A federal appellate court vacated a conviction for bank fraud in United States v. Nkansah, No. 10-2441-cr, slip op. (2nd Cir., Nov. 8, 2012), finding insufficient evidence to support a conviction. The appellant successfully argued that the bank fraud statute requires proof of intent to harm the bank, as opposed to another victim, and that such evidence was lacking in the government’s case against him. The court agreed and vacated two convictions: bank fraud and a related charge of aggravated identity theft. It upheld several other convictions, including filing false claims with the Internal Revenue Service (IRS), and it did not reach the appellant’s argument regarding the reasonableness of his sentence.
According to the court’s opinion, the appellant, Felix Nkansah, was part of a group that engaged in a scheme to file fraudulent tax returns in order to obtain tax refunds. From early 2005 until August 2008, the group reportedly stole personal identifying information from databases maintained by hospitals and childcare organizations, and filed tax returns using the stolen identities and fabricated income information. The IRS issued refunds to group members via check or electronic funds transfer. Prosecutors alleged that the group claimed over $2.2 million in refunds and obtained more than $500,000.
Investigators linked the appellant to deposits at several banks, as well as computers and IP addresses under his control. Searches of his home and car turned up more evidence, and police arrested him in September 2008. He faced five charges: conspiracy to file false IRS claims, filing false IRS claims, bank fraud, aggravated identity theft, and identity theft. A jury convicted him on all five counts in January 2010, and he received a sentence that totalled nineteen years in prison. Because four of the five sentences were to run concurrently, his total prison time would be seventy-five months.
A special agent with the Secret Service testified that the banks handling the appellant’s deposits suffered harm because of his scheme, but could not confirm any specific losses. The appellant argued in his appeal that the bank fraud statute, 18 U.S.C. § 1344, requires proof of intent to harm the bank itself. Not only did the prosecution fail to prove this intent, he argued, it also failed to prove that the banks suffered any loss at all. The Second Circuit agreed with the appellant, holding that “the bank fraud statute is not an open-ended, catch-all statute” covering any type of financial fraud. Slip op. at 7.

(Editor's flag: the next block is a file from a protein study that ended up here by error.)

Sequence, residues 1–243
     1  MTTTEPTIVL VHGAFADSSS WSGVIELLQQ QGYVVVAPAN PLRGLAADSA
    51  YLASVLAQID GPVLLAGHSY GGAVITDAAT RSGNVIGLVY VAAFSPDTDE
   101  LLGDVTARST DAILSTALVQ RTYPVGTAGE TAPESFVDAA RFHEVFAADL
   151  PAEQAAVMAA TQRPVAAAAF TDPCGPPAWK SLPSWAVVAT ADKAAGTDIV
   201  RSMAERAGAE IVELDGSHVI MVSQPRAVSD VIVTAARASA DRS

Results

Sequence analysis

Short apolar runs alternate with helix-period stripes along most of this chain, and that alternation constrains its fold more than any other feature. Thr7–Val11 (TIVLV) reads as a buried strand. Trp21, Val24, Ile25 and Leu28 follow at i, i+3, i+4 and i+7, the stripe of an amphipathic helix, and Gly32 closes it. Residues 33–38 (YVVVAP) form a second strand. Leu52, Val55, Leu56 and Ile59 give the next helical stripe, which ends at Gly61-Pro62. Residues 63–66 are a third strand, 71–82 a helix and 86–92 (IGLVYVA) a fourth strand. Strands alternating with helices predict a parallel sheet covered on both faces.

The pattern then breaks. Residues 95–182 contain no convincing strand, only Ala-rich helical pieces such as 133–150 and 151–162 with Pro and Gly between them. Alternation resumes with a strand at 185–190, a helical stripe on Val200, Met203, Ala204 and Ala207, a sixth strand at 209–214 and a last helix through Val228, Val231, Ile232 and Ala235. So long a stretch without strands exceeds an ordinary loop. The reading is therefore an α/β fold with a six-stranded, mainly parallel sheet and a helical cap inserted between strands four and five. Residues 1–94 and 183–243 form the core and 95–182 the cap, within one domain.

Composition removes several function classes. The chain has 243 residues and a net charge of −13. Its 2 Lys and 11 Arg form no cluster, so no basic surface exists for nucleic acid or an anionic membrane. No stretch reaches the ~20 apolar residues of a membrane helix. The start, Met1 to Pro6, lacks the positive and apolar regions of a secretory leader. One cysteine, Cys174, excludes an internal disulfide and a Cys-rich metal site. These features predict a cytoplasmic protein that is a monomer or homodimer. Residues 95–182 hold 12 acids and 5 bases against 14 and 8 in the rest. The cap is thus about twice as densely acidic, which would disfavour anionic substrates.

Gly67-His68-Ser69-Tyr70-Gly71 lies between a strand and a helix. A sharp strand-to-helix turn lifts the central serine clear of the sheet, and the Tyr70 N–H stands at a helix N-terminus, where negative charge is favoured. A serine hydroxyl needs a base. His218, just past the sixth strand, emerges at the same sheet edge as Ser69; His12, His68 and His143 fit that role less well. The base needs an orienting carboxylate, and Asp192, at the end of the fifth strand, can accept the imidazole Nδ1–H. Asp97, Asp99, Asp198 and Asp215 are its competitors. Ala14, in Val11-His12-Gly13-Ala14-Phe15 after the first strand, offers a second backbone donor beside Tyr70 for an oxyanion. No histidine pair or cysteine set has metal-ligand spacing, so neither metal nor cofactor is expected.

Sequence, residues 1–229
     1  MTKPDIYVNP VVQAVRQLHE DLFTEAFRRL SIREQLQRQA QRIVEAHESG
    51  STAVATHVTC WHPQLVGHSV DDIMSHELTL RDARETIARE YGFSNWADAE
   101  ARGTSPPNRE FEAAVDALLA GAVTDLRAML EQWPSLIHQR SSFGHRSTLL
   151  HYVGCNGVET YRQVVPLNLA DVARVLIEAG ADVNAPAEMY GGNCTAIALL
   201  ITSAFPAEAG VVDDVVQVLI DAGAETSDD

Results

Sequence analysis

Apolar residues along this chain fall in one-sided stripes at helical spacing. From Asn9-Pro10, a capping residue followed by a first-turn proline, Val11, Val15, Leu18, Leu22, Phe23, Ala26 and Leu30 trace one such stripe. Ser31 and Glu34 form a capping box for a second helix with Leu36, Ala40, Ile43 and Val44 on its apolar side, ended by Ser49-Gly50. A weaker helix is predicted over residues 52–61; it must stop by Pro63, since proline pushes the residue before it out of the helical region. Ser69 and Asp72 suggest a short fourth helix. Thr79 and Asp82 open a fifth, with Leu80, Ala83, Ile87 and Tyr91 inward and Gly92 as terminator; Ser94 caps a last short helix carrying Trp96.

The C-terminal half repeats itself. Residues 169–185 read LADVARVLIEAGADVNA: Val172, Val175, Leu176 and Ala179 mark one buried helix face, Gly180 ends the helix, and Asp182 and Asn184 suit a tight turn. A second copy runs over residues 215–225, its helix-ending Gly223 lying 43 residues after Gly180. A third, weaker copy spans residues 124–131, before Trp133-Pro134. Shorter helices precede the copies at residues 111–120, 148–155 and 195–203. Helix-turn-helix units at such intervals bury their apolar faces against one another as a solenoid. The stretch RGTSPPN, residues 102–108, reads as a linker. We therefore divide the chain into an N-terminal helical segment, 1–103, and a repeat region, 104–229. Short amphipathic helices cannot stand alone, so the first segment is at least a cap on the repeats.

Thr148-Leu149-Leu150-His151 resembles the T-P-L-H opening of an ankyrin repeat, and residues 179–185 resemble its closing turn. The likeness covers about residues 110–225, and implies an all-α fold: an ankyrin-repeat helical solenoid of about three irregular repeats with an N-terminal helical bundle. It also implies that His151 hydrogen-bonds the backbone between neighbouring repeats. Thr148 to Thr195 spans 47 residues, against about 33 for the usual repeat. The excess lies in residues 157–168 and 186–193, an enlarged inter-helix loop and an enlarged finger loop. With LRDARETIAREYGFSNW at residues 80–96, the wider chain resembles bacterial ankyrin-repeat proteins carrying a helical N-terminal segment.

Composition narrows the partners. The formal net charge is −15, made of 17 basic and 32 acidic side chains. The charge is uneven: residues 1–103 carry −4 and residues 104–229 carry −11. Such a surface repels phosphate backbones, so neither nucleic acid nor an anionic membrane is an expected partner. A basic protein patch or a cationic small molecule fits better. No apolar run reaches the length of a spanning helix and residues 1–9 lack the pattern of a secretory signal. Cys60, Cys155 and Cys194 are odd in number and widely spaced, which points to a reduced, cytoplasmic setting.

The court held that a conviction for bank fraud under § 1344 requires proof of two elements: conduct “intended to deceive a federally chartered or insured financial institution into releasing property,” id. at 7; and intent to harm the bank through “actual or potential loss.” Id. Without proof of intent to harm the bank, the court held, the question of whether the banks suffered losses was irrelevant. It vacated the convictions for bank fraud and aggravated identity theft, noting that the allegations surrounding the aggravated identity theft charge relied on the bank fraud charge. It remanded the case to the trial court for resentencing.
Michael J. Brown, a board-certified criminal defense attorney, fights for the rights of Texas defendants, making certain that law enforcement and the courts abide by all the rules and procedures of the criminal justice system. To learn more about how we can assist you in your legal matter, contact us online or at (432) 687-5157.
More Blog Posts:
Texas Man Sentenced to Just Over One Year in Prison for Fraudulent Electronics Scheme, Texas Criminal Lawyer Blog, January 3, 2013
Fifth Circuit Holds that Political Contributions from Convicted Ponzi Schemer Were Fraudulent, Texas Criminal Lawyer Blog, December 26, 2012
Appellate Court Affirms Sentence in Wire Fraud and Money Laundering Case, Rejects Defendant’s Argument of a Substantively Unreasonable Sentence – U.S. v. Dao, Texas Criminal Lawyer Blog, September 26, 2012